Beginners in the stock market believe that the timing of their purchases is relevant. Sure, starting at the wrong point might leave you with a big loss at the very beginning of your trading career. But, there are more important things you need to pay attention to.
You know, when you first invest, the time is your friend. If your investment was chosen well, the returns will compound over time, and add up pretty nicely, regardless what the market’s doing at the time of your first purchase.
Don’t waste your time
Instead of worrying about when you’re supposed to make the first purchase, consider for you long you plan to keep your funds in the market. This is not the same for every investment, as every one has its own risk and return degrees, and its own investing time period.
Bonds offer small, more dependable returns for a short time frame – about 3.7% on a yearly basis. On the other hand, long-term is good if you go with government bonds, as they have average returns of 5.4% per year. Stocks are great, as their average return on a yearly basis is 10.4% but you might need to be in it for the long haul.
When do I need the money?
The more time you need to amass your funds, the bigger is the risk you can take. This means you will be able to wait out those periods when returns are bad.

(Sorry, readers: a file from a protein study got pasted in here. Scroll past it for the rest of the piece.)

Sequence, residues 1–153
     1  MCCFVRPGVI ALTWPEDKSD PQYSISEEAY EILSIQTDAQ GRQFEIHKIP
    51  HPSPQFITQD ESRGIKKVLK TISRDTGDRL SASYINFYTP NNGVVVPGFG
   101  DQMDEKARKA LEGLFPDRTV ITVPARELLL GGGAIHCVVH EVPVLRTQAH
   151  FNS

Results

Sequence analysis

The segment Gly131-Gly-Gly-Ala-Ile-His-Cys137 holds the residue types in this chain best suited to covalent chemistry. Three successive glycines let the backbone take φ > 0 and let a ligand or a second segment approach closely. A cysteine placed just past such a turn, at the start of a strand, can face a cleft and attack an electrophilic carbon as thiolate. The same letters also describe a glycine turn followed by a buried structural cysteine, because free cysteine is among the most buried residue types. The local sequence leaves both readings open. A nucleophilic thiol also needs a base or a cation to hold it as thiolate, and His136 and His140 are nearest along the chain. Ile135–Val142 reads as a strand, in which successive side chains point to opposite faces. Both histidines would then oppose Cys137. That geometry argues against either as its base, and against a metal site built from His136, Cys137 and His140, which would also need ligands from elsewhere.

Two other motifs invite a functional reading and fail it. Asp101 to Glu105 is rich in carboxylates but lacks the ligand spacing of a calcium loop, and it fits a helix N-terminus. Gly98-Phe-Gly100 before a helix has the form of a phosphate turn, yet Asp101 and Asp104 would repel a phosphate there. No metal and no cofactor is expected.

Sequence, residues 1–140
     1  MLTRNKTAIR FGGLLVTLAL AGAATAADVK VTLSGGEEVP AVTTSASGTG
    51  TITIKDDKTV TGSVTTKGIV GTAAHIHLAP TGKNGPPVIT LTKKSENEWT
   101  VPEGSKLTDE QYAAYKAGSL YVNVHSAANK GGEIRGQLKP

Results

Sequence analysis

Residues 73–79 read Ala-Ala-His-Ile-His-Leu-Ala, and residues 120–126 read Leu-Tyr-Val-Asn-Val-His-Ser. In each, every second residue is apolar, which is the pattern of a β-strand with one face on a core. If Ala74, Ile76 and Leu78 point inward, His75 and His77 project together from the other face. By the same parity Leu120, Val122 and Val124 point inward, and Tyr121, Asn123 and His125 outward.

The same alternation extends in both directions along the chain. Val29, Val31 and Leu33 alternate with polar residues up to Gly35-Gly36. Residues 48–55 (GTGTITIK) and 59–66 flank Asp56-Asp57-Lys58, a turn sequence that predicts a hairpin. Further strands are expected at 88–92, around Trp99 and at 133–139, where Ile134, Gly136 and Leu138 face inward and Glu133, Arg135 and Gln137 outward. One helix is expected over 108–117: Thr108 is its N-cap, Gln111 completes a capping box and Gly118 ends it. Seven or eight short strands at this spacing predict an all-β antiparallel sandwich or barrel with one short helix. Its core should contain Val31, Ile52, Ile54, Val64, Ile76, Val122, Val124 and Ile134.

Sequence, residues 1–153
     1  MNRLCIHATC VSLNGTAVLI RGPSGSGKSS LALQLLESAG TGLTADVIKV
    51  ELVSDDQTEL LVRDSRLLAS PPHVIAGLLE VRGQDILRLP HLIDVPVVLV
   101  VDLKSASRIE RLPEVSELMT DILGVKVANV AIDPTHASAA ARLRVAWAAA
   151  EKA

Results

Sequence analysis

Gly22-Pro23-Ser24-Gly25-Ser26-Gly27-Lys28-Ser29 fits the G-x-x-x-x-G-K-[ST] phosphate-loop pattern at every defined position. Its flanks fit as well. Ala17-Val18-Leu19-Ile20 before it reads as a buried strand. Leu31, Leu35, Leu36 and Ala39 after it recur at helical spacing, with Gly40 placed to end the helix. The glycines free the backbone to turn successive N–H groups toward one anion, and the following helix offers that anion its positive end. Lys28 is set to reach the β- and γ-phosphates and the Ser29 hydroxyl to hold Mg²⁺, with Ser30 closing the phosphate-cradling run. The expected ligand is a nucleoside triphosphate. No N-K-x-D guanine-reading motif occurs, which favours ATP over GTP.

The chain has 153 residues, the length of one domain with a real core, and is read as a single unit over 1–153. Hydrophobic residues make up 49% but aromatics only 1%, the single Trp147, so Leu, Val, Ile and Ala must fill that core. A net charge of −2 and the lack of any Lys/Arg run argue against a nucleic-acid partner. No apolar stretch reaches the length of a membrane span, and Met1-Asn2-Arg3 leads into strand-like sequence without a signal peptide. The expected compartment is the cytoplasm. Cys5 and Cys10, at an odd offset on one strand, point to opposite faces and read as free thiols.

If you will need your cash in the next 4-5 years, try to avoid stocks and stock-focused mutual funds. If you need it in the next 3 years, avoid real estate investment trusts and mutual funds.
Once you eliminate these, you only have a few options on the table. You can buy deposit certificates and individual bonds.
But, stocks can be really alluring for long-term goals, since the returns are as high as they are, this might be a chance to good to pass on.
When should I sell?
You chose what and when to purchase, and now you need to make the next big decision – when will you cash out? Of course, this applies to stock mutual funds and stocks.
Investing isn’t as easy as – sell when they’re going down, and buy when they’re going up.
You should sell in certain situations
- When overall problems start to hurt the growth of a company’s earnings growth.
- If you entrusted your money to a professional manager in a fund with active management, and your manager leaves you to manage someone else.
- When the stock’s value becomes too high, there’s a high chance it will crash.
- When the company starts changing its base pillars. A company you invested with is branching out into new territories it never had anything to do with? Time to cash out.
Ignore the media
We know that Wall Street is always in the news, but they don’t understand the market well, so they focus on one index. You will often hear that index went up, and the market is bullish, or that the index went down, and the market is bearish. Ignore this, and study those ups and downs.
Never forget to review
You can’t fill your portfolio with stocks and let them be. You need to review them regularly in order to get the most of them. While you shouldn’t check them every minute of every hour, once every three months, once per month, or once per week would be perfect. This way you’ll be certain that your stocks are where they should be, and that you’re not losing money.